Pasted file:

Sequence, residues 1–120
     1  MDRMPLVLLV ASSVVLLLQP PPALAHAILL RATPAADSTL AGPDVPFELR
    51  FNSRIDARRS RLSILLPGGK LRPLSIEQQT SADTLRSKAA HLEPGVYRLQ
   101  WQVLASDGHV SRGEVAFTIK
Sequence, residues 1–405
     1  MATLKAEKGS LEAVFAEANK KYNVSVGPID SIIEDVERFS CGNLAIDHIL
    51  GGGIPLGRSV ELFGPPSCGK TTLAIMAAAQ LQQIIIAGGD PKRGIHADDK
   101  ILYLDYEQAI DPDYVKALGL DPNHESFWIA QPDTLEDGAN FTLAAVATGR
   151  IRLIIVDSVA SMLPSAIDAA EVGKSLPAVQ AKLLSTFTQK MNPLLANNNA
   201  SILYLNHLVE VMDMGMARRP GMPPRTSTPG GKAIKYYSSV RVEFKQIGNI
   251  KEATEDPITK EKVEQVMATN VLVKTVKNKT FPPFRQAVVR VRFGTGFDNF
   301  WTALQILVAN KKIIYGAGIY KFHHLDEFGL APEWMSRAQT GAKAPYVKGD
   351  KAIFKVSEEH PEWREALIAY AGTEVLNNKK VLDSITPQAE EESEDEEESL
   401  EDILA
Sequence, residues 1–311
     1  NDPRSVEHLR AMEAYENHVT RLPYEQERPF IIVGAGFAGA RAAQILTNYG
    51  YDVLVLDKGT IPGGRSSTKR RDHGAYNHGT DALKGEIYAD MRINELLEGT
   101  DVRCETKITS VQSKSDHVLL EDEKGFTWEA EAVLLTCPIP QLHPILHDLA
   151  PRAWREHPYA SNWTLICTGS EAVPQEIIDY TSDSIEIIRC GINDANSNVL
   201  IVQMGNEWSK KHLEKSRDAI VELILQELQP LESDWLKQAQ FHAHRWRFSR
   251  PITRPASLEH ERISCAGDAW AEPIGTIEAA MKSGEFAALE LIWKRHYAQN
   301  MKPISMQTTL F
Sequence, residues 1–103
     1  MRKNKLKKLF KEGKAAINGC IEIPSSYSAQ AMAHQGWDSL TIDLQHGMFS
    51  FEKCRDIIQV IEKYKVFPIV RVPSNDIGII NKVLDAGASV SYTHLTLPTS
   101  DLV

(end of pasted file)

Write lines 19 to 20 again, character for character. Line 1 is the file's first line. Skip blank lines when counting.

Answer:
   151  PRAWREHPYA SNWTLICTGS EAVPQEIIDY TSDSIEIIRC GINDANSNVL
   201  IVQMGNEWSK KHLEKSRDAI VELILQELQP LESDWLKQAQ FHAHRWRFSR